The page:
What I want to propose is that teenagers, even Christian teenagers, don’t do a very good job at taking risks and reaching out to people.  I believe that’s one of the best ways to show God’s love, and we don’t always nail it.  How often do we pass up an opportunity to make someone’s day?  How many times do we miss out on helping someone out or caring for someone who isn’t in our “clique?”  I’m a culprit of this as much as anyone.  If it weren’t for my parents training me early, I probably wouldn’t have met Martha, Alyssa, or Mac who are now some of my best friends.

Yup, that's us!

Yup, that’s us!

7 years ago, I was the girl sitting in the corner shielding her eyes when people walked by (okay, I exaggerate slightly).  Now, I’m the girl who wants to be friends with everyone and never wants to be involved in any sort of disagreement.  Some of the friends I’ve made recently probably wouldn’t recognize me if they had met me a few years earlier.

Christian teenagers (all teenagers as a matter of fact) really need to step up their game on this one.  With all the discussion over the last few years with bullying, this is important now more than ever.  I’ve never been bullied, but I know that it stinks to be outside a group.  You have no idea how big of an impact on someone’s life you can make by just going up and saying hi.  I know it’s awkward and uncomfortable, but do it.  You don’t have to make any lifelong commitments; just go introduce yourself.  Ask the new kid at school to come sit with you at lunch.  Invite the new girl in the neighborhood to your party.  Introduce yourself to the boy sitting by himself at church.  You never know, maybe you’ll succeed in making someone’s day.  Or maybe, you’ll gain a lifelong friend.  Best case scenario, you’ll get an opportunity to share your faith with someone.

Bottom line:  as teenagers, we have become way too used to sticking with our group of friends, being safe, and going through life without looking out for others.  We’re pretty much bred to be that way; that’s what society teaches us to do.  However, as Christians, we can’t afford to make this mistake.  God has called us to go above and beyond in this world.  Christianity is too big to not influence how we interact with people.  Jesus himself was famous for reaching out to the people that others ignored and loving them.  Shouldn’t we be doing the same?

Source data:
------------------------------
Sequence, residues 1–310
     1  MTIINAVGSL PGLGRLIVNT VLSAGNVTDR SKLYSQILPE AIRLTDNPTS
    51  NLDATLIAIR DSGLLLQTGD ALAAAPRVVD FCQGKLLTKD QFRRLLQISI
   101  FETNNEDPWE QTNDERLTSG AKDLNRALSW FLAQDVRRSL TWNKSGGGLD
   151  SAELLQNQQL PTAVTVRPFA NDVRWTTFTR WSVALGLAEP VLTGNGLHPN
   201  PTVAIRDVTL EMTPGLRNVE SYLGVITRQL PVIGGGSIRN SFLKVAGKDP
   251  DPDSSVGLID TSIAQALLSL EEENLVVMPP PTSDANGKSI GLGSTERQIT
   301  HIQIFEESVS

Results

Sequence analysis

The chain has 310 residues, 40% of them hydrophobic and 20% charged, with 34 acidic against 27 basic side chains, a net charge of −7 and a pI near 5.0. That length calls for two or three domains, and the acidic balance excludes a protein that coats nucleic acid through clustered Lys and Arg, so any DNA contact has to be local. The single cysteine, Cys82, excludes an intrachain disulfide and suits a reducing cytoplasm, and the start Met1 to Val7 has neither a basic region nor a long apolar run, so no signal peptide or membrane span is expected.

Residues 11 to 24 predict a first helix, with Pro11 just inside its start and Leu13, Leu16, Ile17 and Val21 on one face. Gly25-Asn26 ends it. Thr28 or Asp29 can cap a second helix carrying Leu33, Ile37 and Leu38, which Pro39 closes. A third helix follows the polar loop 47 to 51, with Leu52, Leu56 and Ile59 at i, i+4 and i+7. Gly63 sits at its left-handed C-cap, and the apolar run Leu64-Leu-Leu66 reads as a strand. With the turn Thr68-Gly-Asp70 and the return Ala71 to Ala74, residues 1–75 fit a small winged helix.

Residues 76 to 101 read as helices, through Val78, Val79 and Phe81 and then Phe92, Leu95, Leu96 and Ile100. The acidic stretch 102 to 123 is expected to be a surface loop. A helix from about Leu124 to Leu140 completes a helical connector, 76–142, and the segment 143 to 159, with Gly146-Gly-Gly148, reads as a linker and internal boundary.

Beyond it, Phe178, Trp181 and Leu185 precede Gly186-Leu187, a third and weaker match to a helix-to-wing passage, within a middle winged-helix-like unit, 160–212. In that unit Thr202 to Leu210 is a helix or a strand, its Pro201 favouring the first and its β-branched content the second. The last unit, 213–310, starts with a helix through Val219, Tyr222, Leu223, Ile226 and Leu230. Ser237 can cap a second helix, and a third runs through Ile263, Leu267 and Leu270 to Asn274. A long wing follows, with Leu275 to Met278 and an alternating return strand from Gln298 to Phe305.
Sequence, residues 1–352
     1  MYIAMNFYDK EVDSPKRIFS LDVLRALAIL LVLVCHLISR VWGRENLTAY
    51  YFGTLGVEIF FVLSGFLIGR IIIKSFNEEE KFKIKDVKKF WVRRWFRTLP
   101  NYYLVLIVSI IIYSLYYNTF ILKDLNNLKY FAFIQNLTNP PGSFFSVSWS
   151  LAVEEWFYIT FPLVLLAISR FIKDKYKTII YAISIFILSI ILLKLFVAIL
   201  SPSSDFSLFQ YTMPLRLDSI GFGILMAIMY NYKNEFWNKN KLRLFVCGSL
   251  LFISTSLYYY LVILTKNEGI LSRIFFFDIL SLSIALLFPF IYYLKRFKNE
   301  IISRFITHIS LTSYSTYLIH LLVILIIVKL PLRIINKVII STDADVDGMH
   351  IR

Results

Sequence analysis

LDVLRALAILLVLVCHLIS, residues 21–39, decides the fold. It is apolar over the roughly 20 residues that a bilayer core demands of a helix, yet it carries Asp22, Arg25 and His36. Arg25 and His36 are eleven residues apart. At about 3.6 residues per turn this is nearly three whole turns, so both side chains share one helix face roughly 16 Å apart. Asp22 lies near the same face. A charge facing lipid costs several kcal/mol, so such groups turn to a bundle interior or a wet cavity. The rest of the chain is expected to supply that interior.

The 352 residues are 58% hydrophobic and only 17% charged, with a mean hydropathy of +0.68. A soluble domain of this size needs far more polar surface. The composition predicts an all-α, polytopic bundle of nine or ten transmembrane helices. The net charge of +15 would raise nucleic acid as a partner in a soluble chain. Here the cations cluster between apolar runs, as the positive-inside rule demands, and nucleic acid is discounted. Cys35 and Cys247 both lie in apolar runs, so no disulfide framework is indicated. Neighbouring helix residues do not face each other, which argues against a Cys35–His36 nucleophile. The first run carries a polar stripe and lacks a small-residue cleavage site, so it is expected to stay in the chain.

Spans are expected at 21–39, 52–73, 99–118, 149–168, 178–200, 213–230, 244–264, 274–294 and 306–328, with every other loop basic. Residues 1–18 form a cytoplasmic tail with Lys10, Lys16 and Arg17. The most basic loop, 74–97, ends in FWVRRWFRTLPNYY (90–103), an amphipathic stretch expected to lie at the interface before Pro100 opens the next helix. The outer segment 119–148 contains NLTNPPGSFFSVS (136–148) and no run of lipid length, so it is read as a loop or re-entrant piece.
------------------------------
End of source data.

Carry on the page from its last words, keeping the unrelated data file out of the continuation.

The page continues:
I think we should, which is why I want to encourage you to do so.  I know it’s tough, I pass up some such opportunities myself.  But in the end, you’ll be glad you did.

Feel free to share this post with any teens you know.  Also, as always, go over to my Facebook page if you want to get updates about my blog.  https://www.facebook.com/pages/Thoughts-of-a-Theophilus/321478084644751?fref=ts

Thanks for reading!

~Theophilus

Advertisements

About theophilus929

I am a teenage girl with opinions, and I like to voice them. I believe in a Biblical God, and that gives me very different views than most people out there. When something catches my attention, I blog about it! Hope you enjoy, and share with your friends!
This entry was posted in Uncategorized. Bookmark the permalink.

Leave a Reply

Fill in your details below or click an icon to log in:

WordPress.com Logo

You are commenting using your WordPress.com account. Log Out / Change )

Twitter picture

You are commenting using your Twitter account. Log Out / Change )

Facebook photo

You are commenting using your Facebook account. Log Out / Change )

Google+ photo

You are commenting using your Google+ account. Log Out / Change )

Connecting to %s